UPDATE, 2pm Friday: The mother of the late Jack Cutcliffe says she’s “very, very grateful” to have his precious framed rugby jumper back home barely 24 hours after its theft.
The memorial item was handed in to Tamworth police last night, after a huge campaign in traditional and social media to see it returned.
Michelle Cutcliffe said she and husband Tom were working on their property when they received a call from the president of Pirates Rugby Club, from where the jersey had been stolen on Tuesday afternoon.
“Stuart Prowse rang us ... about 6 and said he wanted to pop out – we just thought he was popping out to [kick] the cat like we were,” she said.
“He drove in and out he popped with a detective and the treasurer of Pirates, and then they dragged the frame out of the back of the car.”
Mrs Cutcliffe said the item was “spotless, nothing wrong with it”.
“I just couldn’t believe it. I thought they might be bringing the remains of what had been found – the things that go through your mind,” she said.
“We’re very, very grateful it’s back again, and everyone was so amazing.”
Jack’s number 6 jersey had been hanging in the clubhouse since a couple of months after the teenager’s death of a heart attack on March 30 last year.
Thieves broke into the building through a roller door, ransacked the clubhouse and took other framed jumpers, alcohol, flatscreen TVs and electronic gear.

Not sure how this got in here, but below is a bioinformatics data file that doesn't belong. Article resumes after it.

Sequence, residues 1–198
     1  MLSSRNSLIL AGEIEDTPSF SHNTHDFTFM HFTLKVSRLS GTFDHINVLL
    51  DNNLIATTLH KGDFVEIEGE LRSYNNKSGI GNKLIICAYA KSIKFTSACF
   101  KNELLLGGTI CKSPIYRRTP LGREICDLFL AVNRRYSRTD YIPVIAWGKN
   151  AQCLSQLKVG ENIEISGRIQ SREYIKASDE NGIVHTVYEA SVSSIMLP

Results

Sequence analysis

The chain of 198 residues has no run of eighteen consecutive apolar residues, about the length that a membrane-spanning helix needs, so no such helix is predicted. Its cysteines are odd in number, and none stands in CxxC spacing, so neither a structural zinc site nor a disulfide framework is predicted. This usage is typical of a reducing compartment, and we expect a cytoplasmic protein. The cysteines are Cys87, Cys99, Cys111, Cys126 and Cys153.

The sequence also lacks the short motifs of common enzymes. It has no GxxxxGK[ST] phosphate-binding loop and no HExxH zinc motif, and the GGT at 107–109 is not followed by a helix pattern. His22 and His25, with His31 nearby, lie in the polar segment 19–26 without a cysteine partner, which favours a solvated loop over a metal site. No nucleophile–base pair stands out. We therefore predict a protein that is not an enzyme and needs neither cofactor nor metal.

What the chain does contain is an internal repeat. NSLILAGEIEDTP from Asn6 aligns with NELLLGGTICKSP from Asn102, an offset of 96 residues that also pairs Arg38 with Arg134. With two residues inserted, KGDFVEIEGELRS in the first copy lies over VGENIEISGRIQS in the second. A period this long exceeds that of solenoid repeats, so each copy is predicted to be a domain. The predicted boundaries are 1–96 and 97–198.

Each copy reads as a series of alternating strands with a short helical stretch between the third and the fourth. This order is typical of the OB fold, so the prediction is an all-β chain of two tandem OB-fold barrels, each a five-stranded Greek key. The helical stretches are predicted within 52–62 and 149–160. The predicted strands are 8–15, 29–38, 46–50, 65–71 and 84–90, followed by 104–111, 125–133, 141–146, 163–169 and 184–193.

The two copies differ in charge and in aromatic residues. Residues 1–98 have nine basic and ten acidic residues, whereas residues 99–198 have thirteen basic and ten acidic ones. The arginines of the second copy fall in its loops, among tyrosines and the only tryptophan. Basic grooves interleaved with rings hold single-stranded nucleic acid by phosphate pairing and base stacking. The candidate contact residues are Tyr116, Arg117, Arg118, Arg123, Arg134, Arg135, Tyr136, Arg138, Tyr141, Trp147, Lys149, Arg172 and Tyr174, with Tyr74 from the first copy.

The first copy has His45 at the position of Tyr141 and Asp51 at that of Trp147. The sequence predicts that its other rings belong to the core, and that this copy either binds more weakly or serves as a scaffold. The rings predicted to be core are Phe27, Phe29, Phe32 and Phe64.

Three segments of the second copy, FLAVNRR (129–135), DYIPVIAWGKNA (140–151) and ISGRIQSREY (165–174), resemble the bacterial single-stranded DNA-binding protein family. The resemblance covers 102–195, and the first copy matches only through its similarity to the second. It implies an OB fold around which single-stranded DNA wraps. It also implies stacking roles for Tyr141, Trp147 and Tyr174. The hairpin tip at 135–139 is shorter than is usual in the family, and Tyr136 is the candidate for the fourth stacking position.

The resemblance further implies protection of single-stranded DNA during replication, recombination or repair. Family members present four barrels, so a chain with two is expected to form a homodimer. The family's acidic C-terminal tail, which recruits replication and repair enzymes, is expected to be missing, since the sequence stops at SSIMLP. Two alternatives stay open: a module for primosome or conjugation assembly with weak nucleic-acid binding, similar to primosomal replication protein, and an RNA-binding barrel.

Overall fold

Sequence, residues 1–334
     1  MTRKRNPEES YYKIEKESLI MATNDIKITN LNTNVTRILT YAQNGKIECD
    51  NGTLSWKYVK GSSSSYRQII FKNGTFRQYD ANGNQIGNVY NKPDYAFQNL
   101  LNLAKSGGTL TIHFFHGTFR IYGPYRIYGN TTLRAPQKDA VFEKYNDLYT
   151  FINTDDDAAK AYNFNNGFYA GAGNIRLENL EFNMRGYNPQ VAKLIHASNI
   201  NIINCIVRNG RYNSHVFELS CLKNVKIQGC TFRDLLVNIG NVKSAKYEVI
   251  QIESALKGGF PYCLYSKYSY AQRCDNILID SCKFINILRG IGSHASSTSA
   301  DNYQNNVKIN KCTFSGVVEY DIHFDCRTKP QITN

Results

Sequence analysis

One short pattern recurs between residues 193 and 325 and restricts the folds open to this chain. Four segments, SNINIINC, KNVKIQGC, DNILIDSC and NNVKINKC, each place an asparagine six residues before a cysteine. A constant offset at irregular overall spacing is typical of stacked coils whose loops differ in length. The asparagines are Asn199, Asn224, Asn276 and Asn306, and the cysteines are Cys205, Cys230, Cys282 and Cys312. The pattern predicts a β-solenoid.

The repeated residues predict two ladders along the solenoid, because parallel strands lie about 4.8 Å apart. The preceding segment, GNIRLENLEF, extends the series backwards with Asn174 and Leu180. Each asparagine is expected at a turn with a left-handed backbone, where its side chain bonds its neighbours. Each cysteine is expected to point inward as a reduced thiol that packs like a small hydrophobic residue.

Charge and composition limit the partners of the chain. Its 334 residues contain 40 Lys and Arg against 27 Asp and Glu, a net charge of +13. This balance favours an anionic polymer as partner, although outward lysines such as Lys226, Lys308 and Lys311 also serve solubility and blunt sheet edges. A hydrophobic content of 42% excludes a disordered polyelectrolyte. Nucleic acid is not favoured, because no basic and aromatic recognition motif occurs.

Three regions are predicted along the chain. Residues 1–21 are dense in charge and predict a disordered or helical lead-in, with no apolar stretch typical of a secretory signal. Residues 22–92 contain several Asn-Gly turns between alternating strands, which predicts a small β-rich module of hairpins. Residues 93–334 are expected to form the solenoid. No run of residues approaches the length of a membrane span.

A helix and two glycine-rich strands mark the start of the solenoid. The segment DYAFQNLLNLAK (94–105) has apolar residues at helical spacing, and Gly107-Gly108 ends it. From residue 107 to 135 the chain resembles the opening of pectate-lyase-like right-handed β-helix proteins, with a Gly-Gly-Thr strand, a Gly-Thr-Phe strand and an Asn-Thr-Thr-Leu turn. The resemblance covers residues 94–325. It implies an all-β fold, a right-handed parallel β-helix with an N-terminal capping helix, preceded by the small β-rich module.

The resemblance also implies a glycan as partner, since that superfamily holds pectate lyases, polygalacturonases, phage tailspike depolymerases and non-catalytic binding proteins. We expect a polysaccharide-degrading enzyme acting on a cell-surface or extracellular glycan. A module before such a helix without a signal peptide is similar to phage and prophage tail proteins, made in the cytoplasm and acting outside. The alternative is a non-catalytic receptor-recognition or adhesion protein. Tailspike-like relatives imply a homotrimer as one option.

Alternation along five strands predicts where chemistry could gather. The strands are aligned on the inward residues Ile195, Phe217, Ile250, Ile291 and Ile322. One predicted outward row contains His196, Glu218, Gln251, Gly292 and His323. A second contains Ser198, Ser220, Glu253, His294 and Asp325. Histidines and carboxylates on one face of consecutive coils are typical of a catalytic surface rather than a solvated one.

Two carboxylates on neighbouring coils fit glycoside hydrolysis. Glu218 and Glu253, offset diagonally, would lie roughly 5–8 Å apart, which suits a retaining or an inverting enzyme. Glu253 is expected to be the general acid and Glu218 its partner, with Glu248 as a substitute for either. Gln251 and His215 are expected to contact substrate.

But Mrs Cutcliffe said the jumper would be back in pride of place there, “where it belongs”.
“They’re getting things fixed up at Pirates, but he’ll be back there – he’s just spending a few days with us for now,” she said.
Oxley LAC Chief Inspector Jeff Budd said the jersey was back in the right hands because “outraged community members were able to facilitate [its] return”.
“The sentimental value of that item, one can only imagine what it means to a family,” he said.
“We have some other evidence we’re examining from the crime scene, which will hopefully give us some results on identifying who we think the offenders are.
“No other items have been returned at this point; the focus for police and community was to get that sentimental item back.
“I think people realised how horrible it was for the family to be devastated again by the loss of the item and that weighed on their conscience, and they stood up and took the right action …
“It’s just nice to see nice things happen sometimes.”
Mr Prowse said the club had suffered several thousand dollars’ worth of damage and the members were sorting out insurance and tidying up.
But Jack’s jumper would “come back pride of place when we get things sorted out”.
He said the club was “extremely grateful for everyone’s help”.
“There is no doubt that everyone’s support during this time helped to bring Jack’s jersey home.
“We will be forever grateful for everyone’s assistance.”
UPDATE, 8am Friday: The Jack Cutcliffe memorial jersey has been recovered and returned to the Cutcliffe family.